Research on Chemical Intermediates

, Volume 46, Issue 1, pp 715–736 | Cite as

α-Fe2O3@carbon core–shell nanostructure for luminescent upconversion and photocatalytic degradation of methyl orange

  • Gnanasekaran MunusamyEmail author
  • Rajaboopathi Mani
  • Krishnakumar VaradharajanEmail author
  • Surumbarkuzhali Narasimhan
  • Chitharaj Munusamy
  • Boopathy Chandrasekaran


The unique characteristics of metal–organic frameworks such as structural tunability, high surface area, low density, and tailored porosity have made this material suitable for different applications, compared to mineralized carbons. To improve the photocatalytic activity of α-Fe2O3, a shell of carbon with different concentrations on the core of α-Fe2O3 was prepared via hydrothermal method. The optical property, crystal phase, and morphology of the synthesized materials were characterized by X-ray diffraction, X-ray photoelectron spectroscopy, energy-dispersive X-ray spectrometer, scanning electron microscopy, and high-resolution transmission electron microscopy (HR-TEM). The HR-TEM shows a single-sphere core–shell structure of α-Fe2O3 at higher concentration of carbon (αFC3), which showed a maximum degradation of pollutant about 85% in 2 h and 40 min. It is reasoned that the major dominants O2·– and h+ enhance the degradation. The Fe3+ ions strongly promote the upconversion emission observed at excitation of 620 nm. Photocurrent and Mott–Schottky revealed that the αFC3 core–shell sample shows that the − 0.157 flat-band potential (Vfb) increased the carrier density in the near-surface region accelerating the redox performances. In short, the excellent visible light degradation ability of αFC3 against the methyl orange and high upconversion efficiency were observed in α-Fe2O3@carbon core–shell nanostructure.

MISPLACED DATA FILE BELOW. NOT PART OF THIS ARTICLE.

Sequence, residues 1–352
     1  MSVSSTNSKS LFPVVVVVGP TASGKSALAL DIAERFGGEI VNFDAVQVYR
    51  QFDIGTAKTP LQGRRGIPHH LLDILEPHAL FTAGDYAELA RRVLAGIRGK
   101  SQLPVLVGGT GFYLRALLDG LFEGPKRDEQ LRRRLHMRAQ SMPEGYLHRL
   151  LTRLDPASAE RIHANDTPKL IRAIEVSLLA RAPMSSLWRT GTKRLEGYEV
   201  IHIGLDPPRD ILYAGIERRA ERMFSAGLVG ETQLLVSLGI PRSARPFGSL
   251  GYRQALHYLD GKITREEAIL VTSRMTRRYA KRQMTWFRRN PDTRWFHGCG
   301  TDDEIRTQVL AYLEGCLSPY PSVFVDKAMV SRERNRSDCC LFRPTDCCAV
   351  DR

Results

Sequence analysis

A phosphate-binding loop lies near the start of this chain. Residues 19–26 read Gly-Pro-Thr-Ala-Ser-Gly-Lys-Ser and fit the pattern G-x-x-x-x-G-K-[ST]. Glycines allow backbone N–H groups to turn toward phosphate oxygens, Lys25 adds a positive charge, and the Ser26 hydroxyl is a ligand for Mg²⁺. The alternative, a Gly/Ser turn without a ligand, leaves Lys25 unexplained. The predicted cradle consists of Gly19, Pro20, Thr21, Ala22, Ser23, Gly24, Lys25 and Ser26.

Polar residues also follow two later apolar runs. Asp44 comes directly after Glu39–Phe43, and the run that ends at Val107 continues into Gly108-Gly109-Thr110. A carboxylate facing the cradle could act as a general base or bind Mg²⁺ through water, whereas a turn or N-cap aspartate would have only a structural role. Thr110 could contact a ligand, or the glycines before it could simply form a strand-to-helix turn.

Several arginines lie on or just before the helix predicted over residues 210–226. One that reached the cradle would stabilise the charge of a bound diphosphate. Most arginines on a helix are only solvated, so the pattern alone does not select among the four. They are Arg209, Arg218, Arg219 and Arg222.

Graphic abstract


α-Fe2O3 Core–shell Photoluminescence Methylene orange Photocatalytic activity 



The author M. Gnanasekaran thanks to Department of Nanoscience and Nanotechnology, Karunya University, and Sophisticated Test and Instrumentation Centre, Kochi University, Kochi, 682 022, Kerala, India, for the support of analytical measurements.

Author contributions

All the authors contributed to the discussion and preparation part of the manuscript. The final version of the manuscript was approved by all authors.

Compliance with ethical standards

Conflict of interest

The authors declare that they have no conflict of interest.


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Copyright information

© Springer Nature B.V. 2019

Authors and Affiliations

  • Gnanasekaran Munusamy
    • 1
    Email author
  • Rajaboopathi Mani
    • 2
  • Krishnakumar Varadharajan
    • 1
    Email author
  • Surumbarkuzhali Narasimhan
    • 3
  • Chitharaj Munusamy
    • 1
  • Boopathy Chandrasekaran
    • 1
  1. 1.School of Physical SciencesPeriyar UniversitySalemIndia
  2. 2.Centre for Research and DevelopmentPRIST Deemed to be UniversityThanjavurIndia
  3. 3.Department of PhysicsGovernment Arts CollegeSalemIndia

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